His name was Samuel, and he looked no older than I do. He was walking with his son, who was named Isaac. We walked down the road as we talked, and I asked him where he was from. He said that he was from Western Provence, and that he was in Limuru looking for work to support his son and himself. He asked us what we were doing in Kenya. I answered that we were missionaries, and had come to share the message of the cross. His face immediately lit up, and shared that he was a believer as well. He said that he had already found a great church in the community, and loved going every Sunday. I thought, here is this guy who came looking for work, but even before he found a job, he made sure he found his church. I knew then there was something special about Samuel.
As we walked toward our home, Samuel began talking about how it was wonderful that we were following God, even when he called us away from our home. He reminded me about Abraham, and how he was called apart from his family as well. He encouraged me to stay strong in the Lord, to remember that if we tried to do the work using our own power, we would fail. It would only be in relying on the power of Christ that we would succeed. Here I was, in Kenya to encourage the Body of Christ, and I was being ministered to myself. I thought to myself, and then said it aloud, God is good.
One of the best parts for me was that, as we went our separate ways, Samuel did not ask for help. He had just been talking about how God will provide for our every need, and it appeared that he wasn't just talking the talk, but was actively living what he shared. We are often asked for money, simply because of the color of our skin. But here was a man that has not been able to find work, who was simply trusting God to provide for him and his son. I later thought about his son Isaac, and the example that he has in his father of what it means to be a Christian man.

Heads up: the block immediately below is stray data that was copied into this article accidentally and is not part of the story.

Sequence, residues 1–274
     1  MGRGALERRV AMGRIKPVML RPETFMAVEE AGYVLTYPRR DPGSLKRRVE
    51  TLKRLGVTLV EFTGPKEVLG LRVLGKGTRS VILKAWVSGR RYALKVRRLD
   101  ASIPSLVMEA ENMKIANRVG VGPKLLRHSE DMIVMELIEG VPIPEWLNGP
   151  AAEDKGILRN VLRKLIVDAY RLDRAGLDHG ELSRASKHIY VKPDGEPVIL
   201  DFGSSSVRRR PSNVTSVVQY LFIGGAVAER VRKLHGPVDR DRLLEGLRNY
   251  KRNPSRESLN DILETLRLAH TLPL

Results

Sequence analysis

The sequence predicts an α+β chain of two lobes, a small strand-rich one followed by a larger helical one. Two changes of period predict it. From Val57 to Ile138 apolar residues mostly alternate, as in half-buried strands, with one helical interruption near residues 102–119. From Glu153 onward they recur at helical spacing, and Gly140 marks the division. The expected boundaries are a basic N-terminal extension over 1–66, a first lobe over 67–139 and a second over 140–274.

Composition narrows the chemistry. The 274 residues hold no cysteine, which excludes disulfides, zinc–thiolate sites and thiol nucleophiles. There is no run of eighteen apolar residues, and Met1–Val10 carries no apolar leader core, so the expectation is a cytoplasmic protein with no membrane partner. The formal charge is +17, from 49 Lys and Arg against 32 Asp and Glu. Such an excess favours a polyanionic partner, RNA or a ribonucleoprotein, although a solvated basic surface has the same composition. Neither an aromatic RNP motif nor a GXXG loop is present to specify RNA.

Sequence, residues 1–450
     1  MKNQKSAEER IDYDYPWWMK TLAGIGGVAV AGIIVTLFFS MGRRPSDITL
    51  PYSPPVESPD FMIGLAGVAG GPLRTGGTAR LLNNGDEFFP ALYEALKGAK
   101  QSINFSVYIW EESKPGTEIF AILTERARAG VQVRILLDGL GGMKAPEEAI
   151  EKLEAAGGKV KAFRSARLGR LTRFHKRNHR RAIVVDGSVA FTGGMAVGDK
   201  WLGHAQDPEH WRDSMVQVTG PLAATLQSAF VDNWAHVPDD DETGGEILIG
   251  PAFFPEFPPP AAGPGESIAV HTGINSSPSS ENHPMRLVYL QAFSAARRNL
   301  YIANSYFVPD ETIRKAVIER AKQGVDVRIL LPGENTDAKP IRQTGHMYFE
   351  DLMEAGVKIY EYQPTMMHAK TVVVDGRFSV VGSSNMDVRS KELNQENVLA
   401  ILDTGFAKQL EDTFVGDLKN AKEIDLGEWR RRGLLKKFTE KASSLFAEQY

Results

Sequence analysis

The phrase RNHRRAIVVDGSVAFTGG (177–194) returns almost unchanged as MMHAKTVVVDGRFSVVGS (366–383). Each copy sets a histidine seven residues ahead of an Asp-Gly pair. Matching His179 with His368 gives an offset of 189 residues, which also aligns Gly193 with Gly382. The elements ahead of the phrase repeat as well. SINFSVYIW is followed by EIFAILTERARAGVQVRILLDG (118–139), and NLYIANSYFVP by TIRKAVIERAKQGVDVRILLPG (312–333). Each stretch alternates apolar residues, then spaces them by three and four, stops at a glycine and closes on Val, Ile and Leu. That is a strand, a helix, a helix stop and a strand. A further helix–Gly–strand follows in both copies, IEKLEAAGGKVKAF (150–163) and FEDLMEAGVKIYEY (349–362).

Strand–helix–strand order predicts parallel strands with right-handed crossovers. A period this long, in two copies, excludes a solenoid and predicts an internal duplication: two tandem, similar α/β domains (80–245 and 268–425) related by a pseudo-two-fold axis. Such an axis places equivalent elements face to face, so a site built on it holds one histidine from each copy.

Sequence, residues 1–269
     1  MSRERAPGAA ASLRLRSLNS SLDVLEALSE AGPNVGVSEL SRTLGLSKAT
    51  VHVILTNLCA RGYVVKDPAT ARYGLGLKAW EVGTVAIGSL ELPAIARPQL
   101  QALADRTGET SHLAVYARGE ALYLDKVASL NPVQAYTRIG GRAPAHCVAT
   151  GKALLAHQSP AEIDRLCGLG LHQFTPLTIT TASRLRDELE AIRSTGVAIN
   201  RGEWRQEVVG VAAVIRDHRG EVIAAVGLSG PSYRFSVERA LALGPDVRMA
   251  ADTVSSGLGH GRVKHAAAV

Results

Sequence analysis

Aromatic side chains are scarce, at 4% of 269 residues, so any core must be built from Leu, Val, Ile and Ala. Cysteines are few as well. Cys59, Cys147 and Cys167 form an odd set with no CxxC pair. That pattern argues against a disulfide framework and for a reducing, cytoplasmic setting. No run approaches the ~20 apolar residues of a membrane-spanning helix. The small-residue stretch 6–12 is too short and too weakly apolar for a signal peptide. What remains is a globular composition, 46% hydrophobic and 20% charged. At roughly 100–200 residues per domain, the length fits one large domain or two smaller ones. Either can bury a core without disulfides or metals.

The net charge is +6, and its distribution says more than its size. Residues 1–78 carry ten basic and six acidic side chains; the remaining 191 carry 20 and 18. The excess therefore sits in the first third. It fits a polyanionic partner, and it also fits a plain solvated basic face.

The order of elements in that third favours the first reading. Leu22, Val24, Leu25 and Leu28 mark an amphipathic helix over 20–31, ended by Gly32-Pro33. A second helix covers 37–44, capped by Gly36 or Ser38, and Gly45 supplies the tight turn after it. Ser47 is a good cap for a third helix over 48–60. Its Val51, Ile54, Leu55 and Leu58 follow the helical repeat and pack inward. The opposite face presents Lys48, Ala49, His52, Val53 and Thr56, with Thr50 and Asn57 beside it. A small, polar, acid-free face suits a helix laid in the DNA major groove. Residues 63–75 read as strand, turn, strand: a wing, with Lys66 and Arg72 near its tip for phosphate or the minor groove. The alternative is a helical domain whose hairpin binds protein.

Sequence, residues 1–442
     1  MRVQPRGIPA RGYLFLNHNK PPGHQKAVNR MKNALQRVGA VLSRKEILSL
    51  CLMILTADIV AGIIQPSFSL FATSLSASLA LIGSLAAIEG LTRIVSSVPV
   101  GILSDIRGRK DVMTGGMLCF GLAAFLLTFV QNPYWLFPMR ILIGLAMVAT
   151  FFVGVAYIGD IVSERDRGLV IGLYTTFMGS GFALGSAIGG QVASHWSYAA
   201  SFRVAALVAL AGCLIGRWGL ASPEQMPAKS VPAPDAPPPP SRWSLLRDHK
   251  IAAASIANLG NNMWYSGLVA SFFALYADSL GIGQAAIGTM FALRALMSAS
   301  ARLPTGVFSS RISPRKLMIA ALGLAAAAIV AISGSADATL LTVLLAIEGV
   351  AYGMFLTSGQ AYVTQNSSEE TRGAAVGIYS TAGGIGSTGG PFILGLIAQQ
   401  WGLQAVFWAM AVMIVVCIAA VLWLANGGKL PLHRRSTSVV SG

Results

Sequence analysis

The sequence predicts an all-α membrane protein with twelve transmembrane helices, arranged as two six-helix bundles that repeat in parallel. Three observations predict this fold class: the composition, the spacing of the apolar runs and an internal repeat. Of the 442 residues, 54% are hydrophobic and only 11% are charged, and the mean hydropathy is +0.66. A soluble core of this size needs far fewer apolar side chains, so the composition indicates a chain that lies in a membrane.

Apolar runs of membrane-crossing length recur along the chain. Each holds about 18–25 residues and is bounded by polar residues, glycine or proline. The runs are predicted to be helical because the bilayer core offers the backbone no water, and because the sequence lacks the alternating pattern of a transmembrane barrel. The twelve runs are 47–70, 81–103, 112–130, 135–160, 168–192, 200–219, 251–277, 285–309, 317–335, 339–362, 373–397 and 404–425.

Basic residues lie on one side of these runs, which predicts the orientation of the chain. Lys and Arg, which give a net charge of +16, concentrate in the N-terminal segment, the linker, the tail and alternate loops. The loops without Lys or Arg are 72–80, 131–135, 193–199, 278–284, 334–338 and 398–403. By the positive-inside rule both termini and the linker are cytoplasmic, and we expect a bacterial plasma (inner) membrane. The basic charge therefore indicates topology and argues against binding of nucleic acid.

I was deeply encouraged by our short conversation we had, walking down the road from Brackenhurst. I was stirred up in my spirit from seeing this man's faith, and from seeing the way his son looked up at him as we walked. His son looked like he was proud that Samuel was his father. I looked down at Christopher, whom I was pushing in his stroller. I hope that one day, Christopher and Josiah will be able to look up to me with that same pride.
Neema na Amani,
Jonathan, for the Ferg4